Contact: Chelsea Bond

San Francisco – February 13, 2014 –  Leaders at Death Penalty Focus are pushing back on today’s announcement by a group of death penalty supporters of a new proposal to change death penalty procedures in California.

“It’s shocking how the proposal of so-called ‘common sense improvements’ really makes no sense and will only make matters worse. The vision of faster, cheaper justice that is also safe is just a deadly mirage,” said Matt Cherry, executive director of Death Penalty Focus, the leading proponents of abolishing the death penalty in California.  “Instead of increasing the risk of executing innocent people and adding even more costs, we need to replace the dysfunctional death penalty system with life in prison.”

California’s death penalty system has already cost the state more than $4 billion since 1978. But many provisions in the ballot initiative will increase the cost of the death penalty system by inserting more levels of bureaucracy into the process.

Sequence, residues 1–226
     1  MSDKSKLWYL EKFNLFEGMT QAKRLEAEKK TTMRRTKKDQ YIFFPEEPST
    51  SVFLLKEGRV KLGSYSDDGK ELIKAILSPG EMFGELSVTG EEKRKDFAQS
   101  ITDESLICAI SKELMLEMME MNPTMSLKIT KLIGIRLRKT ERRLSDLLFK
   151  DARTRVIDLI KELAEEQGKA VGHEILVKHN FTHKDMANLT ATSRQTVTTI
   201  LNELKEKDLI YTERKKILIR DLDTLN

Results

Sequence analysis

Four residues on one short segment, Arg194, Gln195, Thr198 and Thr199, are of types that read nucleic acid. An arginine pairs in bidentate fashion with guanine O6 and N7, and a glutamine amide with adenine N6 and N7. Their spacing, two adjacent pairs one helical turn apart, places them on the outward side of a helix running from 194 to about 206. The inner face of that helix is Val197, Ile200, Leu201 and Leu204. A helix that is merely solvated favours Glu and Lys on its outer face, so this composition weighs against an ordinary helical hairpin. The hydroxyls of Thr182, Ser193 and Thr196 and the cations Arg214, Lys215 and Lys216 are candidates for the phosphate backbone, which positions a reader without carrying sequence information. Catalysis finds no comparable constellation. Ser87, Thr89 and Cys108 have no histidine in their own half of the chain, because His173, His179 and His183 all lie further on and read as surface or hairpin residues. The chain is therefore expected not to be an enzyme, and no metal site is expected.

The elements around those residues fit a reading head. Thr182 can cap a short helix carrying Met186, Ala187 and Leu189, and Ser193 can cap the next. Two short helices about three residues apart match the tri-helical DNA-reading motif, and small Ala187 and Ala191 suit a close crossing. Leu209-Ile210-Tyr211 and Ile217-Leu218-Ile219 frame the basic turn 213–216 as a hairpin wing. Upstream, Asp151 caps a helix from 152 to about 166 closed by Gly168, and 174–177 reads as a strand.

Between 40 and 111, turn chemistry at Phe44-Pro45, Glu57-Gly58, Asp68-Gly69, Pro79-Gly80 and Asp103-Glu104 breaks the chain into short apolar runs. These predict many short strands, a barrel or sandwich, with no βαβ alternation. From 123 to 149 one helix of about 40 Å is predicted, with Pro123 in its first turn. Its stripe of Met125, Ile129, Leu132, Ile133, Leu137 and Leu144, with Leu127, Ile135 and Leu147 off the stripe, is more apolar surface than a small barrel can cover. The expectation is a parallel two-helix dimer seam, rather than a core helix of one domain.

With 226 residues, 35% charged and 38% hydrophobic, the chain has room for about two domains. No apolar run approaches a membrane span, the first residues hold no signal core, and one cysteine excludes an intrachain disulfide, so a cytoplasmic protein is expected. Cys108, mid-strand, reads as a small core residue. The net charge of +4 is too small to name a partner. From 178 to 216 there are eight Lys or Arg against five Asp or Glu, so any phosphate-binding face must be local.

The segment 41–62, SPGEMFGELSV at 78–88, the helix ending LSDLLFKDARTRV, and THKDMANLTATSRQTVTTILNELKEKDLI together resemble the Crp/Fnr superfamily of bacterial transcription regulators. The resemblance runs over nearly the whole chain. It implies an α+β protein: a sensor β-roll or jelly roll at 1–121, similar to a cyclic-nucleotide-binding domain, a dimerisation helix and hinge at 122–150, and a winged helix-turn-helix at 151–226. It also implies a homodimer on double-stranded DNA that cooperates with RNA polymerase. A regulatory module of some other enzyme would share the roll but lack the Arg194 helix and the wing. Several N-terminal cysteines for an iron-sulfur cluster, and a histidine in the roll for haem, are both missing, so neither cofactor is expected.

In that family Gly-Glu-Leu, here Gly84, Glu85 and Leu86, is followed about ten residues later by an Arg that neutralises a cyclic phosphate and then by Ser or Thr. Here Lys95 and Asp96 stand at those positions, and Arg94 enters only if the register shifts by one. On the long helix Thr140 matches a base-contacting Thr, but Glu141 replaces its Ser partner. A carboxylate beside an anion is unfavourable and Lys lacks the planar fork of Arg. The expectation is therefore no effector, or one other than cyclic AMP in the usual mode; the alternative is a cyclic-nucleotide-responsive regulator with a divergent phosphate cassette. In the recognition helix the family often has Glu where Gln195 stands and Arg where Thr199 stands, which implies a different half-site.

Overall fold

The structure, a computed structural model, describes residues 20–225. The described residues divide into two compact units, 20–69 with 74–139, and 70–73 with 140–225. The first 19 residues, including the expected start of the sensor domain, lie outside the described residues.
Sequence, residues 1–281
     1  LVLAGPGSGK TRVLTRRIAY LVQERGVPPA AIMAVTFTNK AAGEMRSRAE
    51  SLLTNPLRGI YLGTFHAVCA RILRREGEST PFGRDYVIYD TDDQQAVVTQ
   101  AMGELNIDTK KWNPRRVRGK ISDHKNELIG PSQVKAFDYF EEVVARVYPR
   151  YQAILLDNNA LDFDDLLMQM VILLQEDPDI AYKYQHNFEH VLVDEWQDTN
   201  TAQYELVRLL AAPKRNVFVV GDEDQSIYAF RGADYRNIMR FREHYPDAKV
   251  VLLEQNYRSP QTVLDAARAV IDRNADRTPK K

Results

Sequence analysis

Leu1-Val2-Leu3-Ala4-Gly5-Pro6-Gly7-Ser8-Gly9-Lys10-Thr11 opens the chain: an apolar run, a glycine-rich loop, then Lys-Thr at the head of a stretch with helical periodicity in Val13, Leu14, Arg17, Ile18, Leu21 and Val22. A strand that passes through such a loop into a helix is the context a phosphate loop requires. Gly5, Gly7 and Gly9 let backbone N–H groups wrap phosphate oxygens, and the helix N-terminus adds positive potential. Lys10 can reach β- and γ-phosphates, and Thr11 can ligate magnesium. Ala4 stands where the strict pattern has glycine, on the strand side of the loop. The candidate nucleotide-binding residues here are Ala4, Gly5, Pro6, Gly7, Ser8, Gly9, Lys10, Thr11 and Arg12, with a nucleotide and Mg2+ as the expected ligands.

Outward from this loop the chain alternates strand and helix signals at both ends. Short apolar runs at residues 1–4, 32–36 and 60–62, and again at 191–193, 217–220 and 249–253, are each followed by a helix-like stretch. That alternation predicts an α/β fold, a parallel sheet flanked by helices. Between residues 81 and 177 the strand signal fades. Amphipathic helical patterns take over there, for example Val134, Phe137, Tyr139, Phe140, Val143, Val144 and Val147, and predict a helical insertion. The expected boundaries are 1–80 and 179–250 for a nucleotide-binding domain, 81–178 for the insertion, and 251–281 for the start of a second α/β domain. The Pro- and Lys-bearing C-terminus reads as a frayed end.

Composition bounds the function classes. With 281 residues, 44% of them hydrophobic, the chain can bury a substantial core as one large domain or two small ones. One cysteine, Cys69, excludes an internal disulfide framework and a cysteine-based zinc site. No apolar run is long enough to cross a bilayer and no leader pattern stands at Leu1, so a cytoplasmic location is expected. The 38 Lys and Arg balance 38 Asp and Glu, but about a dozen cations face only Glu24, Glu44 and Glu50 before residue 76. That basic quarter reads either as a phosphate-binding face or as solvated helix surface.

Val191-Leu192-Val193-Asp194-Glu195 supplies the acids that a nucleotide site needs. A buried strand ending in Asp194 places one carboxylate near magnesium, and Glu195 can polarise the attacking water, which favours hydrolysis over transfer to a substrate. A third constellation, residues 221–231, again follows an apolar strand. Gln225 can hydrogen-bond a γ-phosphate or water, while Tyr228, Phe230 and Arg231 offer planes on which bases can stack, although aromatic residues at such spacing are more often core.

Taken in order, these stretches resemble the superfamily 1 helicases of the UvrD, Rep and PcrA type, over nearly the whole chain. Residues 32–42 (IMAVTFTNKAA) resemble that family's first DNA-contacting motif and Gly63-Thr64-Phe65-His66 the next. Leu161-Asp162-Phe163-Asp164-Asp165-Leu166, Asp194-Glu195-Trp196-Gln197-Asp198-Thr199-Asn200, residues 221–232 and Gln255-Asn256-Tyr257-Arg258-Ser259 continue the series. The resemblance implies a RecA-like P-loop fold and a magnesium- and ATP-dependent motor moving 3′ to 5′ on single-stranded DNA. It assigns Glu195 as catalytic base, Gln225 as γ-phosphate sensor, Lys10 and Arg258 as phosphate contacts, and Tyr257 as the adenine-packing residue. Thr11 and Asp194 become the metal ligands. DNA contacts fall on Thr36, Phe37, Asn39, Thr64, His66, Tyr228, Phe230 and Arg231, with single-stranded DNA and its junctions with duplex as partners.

According to Cherry, many other states have seen the best way to deal with capital punishment is to replace it with life without parole. On Tuesday, Governor Jay Inslee of Washington announced that he would suspend executions during his term due to concerns about cost and fairness. Colorado Governor Hickenlooper and Oregon Governor Kitzhaber have announced similar executive actions in recent years. Six other states in the past six years have replaced the death penalty with life in prison without parole.

“Let’s face it: the current death penalty system is flawed and this initiative will only make things worse, not better. Those who want to change the death penalty system agree with us that the current laws aren’t working, but they fail to realize that there is no way to fix California’s death penalty. The only workable solution is to replace the death penalty before we speed an innocent person to their death at the hands of the state,” said Cherry.


Founded in 1988, Death Penalty Focus is one of the largest nonprofit advocacy organizations in the nation dedicated to the abolition of capital punishment through public education; grassroots and political organizing; original research; media outreach; local, state and nationwide coalition building; and the education of religious, legislative and civic leaders about the death penalty and its alternatives.  For more information, visit

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